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Conference discusses the future challenges for British industry

by Terry McCormick

A meeting was held on Saturday to discuss the Workers Party policy towards British industry and the challenges facing workers from AI, automation, vocational education and skills. Key contributions were given by Andy Hudd (a train driver) and Chris Winch (and educationalist). Following my attendance at the conference I felt inspired to note my comments as a contribution. (For the record, all comments are my own and not those of my employer or any other organisations which I am associated with.)


Personally, I have been ‘lucky’ to have done lots of different jobs in my life so far; clothes shop staff, Royal Mail letter sorting, customer services and manual work at a ferry port, fork lift truck & warehouse work, and bus driving for 7 years. None of these jobs required formal academic education, but all required training of one form or another. Whilst AI might sound frightening, I do not believe that it threatens these types of jobs where human interaction will always be required.

However, in all of those jobs, there was always a ‘ceiling’ which, regardless of a person’s vocational training, an employee would be unable to pass without obtaining academic qualifications. This leads to frustration, division, and mistrust. It also leads to the false perception that obtaining a university degree automatically means you will get paid more, and often out of touch ‘managers’ who haven’t got a clue how to actually do the job.

One of our Conference attendees asked of the audience “my kids are approaching the age where I need to advise them whether they should go to university, what do people think?”

The answer depends on whether ‘money’ is the motivation, and if it is, then don’t let it be.

From my own experience, after bus driving for 7 years I went to university and gained a Master Degree in Civil & Environmental Engineering.

When I finally emerged from university, degree in hand, riddled with student debt, and having sacrificed more than 4 years of bus driver salary – I got my first job as a graduate engineer earning less than what I would have done if I had stayed driving buses.

Displacement of Work

Following my transition into the ‘professional’ world of Civil Engineering, I have been exposed to a number of projects in many different sectors (water, road, heritage, structural, and rail). It has been apparent in all of these areas that work being won by UK-based companies has then been project-managed within the UK but often had the bulk of the work sent to those companies India-based offices for completion.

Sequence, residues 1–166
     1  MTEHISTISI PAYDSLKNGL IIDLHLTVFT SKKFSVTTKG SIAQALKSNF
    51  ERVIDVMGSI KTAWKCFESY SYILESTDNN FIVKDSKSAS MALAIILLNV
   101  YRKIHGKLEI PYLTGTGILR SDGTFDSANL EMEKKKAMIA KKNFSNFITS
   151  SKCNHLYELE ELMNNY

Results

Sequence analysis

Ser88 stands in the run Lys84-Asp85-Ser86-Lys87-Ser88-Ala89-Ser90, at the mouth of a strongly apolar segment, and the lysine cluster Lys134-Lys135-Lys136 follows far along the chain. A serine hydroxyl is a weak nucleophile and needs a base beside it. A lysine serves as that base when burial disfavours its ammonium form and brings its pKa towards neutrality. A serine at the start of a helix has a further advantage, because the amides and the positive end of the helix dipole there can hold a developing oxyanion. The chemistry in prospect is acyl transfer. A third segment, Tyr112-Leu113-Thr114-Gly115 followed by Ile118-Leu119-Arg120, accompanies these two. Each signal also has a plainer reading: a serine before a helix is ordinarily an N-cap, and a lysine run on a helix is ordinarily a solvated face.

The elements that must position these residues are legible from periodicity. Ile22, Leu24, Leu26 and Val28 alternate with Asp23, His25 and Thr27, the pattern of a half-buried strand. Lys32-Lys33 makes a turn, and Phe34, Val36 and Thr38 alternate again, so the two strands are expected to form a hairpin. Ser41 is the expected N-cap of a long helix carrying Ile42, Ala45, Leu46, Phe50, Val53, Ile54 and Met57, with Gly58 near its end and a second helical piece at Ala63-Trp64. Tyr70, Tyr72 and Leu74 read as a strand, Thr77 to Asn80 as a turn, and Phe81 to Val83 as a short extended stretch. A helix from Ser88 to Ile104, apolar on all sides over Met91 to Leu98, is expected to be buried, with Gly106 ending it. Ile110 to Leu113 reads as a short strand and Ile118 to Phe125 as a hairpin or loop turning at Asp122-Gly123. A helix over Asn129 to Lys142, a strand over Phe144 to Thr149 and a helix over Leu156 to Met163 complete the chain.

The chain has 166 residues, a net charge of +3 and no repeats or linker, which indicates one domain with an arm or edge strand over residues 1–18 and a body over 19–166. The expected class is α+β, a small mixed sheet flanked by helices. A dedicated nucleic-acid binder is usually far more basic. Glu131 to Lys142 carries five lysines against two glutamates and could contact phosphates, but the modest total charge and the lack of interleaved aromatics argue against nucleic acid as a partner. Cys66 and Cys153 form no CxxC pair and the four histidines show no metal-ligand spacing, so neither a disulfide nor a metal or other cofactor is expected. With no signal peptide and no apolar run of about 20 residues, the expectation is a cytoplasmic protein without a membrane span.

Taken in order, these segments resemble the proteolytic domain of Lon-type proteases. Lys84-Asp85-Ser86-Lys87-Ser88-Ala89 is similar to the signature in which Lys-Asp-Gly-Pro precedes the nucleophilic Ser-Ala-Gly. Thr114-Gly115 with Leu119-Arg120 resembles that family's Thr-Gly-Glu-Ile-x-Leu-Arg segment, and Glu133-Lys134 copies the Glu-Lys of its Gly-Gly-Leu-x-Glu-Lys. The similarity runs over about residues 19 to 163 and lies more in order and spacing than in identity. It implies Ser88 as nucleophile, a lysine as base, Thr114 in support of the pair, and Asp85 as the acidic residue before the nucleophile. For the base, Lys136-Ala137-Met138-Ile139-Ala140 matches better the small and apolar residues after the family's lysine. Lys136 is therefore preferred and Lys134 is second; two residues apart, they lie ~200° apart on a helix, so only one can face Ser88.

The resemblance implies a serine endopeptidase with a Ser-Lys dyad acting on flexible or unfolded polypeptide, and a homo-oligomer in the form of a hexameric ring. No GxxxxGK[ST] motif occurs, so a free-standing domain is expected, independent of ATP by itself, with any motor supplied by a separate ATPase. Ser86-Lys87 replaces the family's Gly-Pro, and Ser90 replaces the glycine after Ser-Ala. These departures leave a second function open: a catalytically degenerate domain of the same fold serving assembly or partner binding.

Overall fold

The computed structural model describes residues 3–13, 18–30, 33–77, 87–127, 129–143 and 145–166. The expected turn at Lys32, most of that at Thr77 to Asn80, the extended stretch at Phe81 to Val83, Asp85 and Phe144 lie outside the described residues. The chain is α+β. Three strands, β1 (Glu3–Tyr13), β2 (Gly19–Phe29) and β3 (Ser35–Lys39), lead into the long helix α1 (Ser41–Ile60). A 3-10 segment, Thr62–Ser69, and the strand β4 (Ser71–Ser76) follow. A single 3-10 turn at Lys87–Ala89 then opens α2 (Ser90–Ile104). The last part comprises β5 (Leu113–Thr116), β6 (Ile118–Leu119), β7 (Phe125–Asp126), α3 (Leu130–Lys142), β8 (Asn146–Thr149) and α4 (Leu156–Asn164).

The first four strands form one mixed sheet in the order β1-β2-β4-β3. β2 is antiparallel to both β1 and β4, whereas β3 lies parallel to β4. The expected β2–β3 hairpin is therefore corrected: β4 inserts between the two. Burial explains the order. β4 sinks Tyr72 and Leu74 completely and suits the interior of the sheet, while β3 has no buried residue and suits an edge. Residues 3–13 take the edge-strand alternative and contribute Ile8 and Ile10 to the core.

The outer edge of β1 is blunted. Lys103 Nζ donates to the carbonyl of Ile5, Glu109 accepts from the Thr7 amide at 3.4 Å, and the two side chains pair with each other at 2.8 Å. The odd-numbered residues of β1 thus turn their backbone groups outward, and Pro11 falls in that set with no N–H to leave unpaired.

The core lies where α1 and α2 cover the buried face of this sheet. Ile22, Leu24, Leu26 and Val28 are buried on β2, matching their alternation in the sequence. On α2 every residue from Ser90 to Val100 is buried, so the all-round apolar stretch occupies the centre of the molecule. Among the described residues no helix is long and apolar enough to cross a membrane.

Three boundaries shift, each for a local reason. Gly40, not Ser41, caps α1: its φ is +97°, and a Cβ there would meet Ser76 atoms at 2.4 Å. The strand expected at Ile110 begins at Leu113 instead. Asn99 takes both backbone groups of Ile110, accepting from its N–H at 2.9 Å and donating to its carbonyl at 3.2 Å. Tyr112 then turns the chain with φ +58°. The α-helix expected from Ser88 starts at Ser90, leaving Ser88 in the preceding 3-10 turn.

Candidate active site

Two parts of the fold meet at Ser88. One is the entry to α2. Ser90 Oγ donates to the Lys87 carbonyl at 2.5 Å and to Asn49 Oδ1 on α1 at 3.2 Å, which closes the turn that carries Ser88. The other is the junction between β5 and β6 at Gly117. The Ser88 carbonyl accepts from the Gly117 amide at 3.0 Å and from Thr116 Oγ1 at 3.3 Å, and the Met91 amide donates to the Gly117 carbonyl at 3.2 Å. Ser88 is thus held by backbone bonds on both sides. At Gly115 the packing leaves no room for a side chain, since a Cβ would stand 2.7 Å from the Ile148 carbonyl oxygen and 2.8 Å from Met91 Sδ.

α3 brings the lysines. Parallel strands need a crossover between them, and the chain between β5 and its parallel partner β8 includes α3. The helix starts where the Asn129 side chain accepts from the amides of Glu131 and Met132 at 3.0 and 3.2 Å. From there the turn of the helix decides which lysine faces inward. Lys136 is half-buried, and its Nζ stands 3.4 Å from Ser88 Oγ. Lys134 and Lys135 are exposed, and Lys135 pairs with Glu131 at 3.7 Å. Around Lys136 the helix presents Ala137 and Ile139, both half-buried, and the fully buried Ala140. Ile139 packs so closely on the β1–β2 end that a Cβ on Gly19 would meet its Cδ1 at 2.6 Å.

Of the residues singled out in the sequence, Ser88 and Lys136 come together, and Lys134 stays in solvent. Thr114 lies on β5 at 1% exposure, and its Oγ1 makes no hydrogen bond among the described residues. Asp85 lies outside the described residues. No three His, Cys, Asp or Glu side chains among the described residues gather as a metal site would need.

The companies would likely claim that the reason they do this is because they don’t have the skills or resources available in the UK. But that should raise the immediate question: If they don’t have the resources, then why did they bid on the project in the first place?

One particular example of this might be HS2. On the face of it, HS2 should have been a fantastic job-creation and skilling opportunity for the workers of this country. Yet sadly, many of the private consultants who won the work simply sent the work out to be designed in their Indian / other foreign design offices. Being based in the UK in order to win the work means nothing when the corporations can abuse the system. Furthermore, it has been alleged that some of these consultancies made redundancies to their CAD technicians whilst at the same time sending CAD work out to their Indian offices (did I mention that the staff in India get paid approximately a third of what the UK workers get paid?).

I witnessed as a bus driver how EU laws could be abused by unscrupulous employers trying to water down workers’ rights, but to see workers being made redundant whilst the work they would have otherwise done has been outsourced is simply unbelievable.

So my contribution to the question of rebuilding British industry is this:


We must ensure, particularly in cases of projects of national interest, that the legislation regarding protection of jobs and the distribution of employment resources is strong enough and enforced explicitly to prevent corporations from using their base in the UK as nothing more than a tool for winning work, with their intention being to abuse foreign workers to maximise their profit whilst doing nothing for the British workers.